The calumny has long been debunked.  The King and Queen were charitable, devout people who refused to let the Swiss Guards fire on the violent French mobs.  They were repaid when the mobs murdered the Guards and murdered them.  

Marie Antoinette stumbled when led to her execution.  Her guard asked if she hurt herself and she remarked nothing could ever hurt her again.  Her husband had been executed.  At her trial, her little boy Prince Louis-Charles was forced to say she abused him sexually.  

Prince Louis-Charles died two years later at age ten, kept like an animal, abused mentally and physically.  His sister could hear his screams while they beat him.  The physician who performed his autopsy was horrified at the scars on the child’s body.  

His sister, the eldest, 17-year-old Marie Therese Charlotte, never speaking of her own torment, was party to a prisoner exchange and sent to Austria.  She wrote of her sorrow on the wall of the prison and asked God to forgive the people who made her family suffer.  How could she ever feel joy again?  

There were several children put into their care who were adopted.  They were given their sacraments, education, and pensions.  One was a Senegalese boy who was turned out on the street when the royal family was arrested.  He died of starvation.  

Nuns, priests, aristocrats, and working people were being beheaded in the city.  Marie Antoinette’s loyal sister-in-law and Carmelite want to be, Princess Elisabeth, who spent her time doing social work was also executed.  The King’s sister was so beloved, her servants put themselves between her and the arresting officers.  

Princess Elisabeth is considered a Catholic martyr for the way she died.  She repeated the De Profundis, Psalm 129, aloud and embraced her co-condemned who was beheaded first.  Elisabeth had a supernatural calm.  She was ready.  The mob, edified by her courage, didn’t cheer when she died.

By comparison Jacques Herbert the man who forced the little prince to accuse his mother of incest was later condemned.  He became hysterical as he was put under the guillotine.  He was an atheist who called for the de Christianizing of France.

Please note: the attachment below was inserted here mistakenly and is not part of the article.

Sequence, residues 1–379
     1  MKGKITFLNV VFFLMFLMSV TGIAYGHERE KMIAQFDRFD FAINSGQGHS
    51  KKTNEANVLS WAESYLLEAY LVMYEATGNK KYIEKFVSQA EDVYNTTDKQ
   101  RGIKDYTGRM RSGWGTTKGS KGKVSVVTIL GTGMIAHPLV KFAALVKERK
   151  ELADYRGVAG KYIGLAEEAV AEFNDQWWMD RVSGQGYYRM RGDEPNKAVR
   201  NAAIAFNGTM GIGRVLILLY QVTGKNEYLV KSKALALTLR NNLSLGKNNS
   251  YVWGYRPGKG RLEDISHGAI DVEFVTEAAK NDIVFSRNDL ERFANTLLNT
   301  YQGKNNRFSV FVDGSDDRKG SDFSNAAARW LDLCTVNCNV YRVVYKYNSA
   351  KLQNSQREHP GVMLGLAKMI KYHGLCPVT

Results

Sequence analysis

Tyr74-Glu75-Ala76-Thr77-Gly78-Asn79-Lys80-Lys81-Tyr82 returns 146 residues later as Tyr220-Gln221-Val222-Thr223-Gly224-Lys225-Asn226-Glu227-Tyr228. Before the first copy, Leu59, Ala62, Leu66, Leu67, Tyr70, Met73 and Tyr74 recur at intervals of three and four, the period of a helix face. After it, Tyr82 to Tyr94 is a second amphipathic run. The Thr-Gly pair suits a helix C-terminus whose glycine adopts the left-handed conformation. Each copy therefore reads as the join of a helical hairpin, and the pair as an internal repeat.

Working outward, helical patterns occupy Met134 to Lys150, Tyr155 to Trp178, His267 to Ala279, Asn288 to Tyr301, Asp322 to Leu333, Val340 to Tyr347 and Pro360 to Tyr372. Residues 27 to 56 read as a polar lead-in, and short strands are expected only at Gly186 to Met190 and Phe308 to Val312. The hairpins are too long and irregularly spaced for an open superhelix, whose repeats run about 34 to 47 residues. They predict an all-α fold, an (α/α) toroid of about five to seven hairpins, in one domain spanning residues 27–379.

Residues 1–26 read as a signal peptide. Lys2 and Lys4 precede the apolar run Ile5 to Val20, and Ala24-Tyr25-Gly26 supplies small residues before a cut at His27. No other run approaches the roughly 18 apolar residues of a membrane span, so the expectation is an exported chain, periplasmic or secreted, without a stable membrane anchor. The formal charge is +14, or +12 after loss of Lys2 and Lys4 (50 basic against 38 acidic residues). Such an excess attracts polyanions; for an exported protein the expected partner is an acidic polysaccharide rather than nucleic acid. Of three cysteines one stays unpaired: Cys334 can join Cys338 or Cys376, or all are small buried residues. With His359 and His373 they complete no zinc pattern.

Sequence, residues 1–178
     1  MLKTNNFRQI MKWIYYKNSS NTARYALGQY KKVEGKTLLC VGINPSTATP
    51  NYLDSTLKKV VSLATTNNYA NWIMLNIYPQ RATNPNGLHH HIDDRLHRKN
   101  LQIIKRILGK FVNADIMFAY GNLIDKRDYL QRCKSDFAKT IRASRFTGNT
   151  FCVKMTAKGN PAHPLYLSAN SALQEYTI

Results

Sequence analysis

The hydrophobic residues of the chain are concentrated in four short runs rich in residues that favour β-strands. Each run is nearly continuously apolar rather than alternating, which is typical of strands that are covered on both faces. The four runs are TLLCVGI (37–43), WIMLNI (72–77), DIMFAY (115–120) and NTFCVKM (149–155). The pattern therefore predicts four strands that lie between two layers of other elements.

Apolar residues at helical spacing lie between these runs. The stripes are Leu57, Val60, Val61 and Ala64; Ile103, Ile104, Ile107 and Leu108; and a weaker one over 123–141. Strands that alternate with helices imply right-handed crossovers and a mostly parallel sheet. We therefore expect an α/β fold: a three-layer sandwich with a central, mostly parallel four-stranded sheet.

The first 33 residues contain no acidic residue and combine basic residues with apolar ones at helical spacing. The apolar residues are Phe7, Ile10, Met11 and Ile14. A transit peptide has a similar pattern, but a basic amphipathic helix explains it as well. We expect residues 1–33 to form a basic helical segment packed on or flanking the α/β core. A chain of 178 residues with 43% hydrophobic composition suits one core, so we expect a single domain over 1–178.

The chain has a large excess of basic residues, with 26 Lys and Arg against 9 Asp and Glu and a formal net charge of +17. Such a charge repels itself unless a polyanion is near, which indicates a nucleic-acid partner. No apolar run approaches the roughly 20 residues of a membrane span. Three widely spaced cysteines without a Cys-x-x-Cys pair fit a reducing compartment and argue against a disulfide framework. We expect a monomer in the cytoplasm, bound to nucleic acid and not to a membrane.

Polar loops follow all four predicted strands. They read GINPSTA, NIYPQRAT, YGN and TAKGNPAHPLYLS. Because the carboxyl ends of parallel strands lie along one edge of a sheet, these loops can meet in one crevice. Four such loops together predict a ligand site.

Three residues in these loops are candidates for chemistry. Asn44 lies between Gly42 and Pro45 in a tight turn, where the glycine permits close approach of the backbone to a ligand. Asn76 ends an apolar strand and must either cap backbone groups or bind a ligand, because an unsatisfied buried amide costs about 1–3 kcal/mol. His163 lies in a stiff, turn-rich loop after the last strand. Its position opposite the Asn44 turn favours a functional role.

Bloodthirsty mobs were drowning farm families in the provinces because their Catholicity made them suspect as potential traitors.  Their executioners stole their animals, food, and meager possessions.  Then leaving nothing to be wasted these innocent peasant families were stripped, bound, and drowned en masse in boats which their fellow Frenchmen sunk; men, women, and children, without mercy.    

To explain the painting, the Queen’s Lady in Waiting was Maria Theresa of Savoy known as Princess de Lamballe who was arrested with the family.  Italian and German, she was a devout, childless widow.  Maria Theresa wrote to Marie Antoinette, “Your friendship has been the charm of my life.”

Maria Theresa was brought before an interrogator who told her to swear to liberty and equality and her hatred of the King and Queen.  She happily praised liberty and equality but she would not denounce her friends, she said, “It is not in my heart.”  The interrogator said take her away.  

She was taken to a door.   The door opened into a courtyard where she saw dead bodies and a large group of rough, blood-spattered men with weapons.  She gave a cry and stepped back but was pulled out.  She was struck on the head with a pike, a sharp metal infantry spear.  

There were witnesses with names.  “A little lady in a white dress,” was how one participant described her.  It was said she was stripped, raped, mutilated, literally torn to pieces.  

Her severed head was carried on a Pike around Paris.  People recognized who it was by her beautiful blonde hair and cried, “La Lamballe!”  One story said the mob attached her pubic hair to her chin for a beard.  Her head was taken to Madame Tussaud for a wax image then carried to Marie Antoinette’s cell for her to see.  

We don’t know if Marie Antoinette saw this outrage.  Her guards told her the people brought the head of her friend and they’d bring it in for her.  She fainted.  

They were like sisters both foreign-born rejects with tragic lives.  “Your friendship has been the charm of my life.”  I got to thinking about what it was like to be pulled out by a mob of sadists who had been taught to hate you without even knowing you.  

I thought how I would feel if my best friend had been torn to pieces for not denouncing me.  Vice versa, how she would feel if I was pulled out and torn to pieces for loyalty to her.  Calumny kills, it really does.

We appear to be entering an era of a new revolution in America, one about collective blood revenge based on ignorance of history and the unrealistic expectations of materialism by way of Marx.  The revolution we had was about God-given rights, not man-given rights.  God-given rights were written into law for the betterment of forgetful mankind.   Radical inhumane revolution must be forced whatever the consequences as it requires calumny and genocide.

Considering the “preservative” English and American revolutions George Watson said in his masterpiece The Lost Literature of Socialism, “It is 1789, then, that unbinds revolution from its conservative chains, and the socialists were its heirs.  The sense of the word shifted lastingly from Right to Left after the Bastille fell.”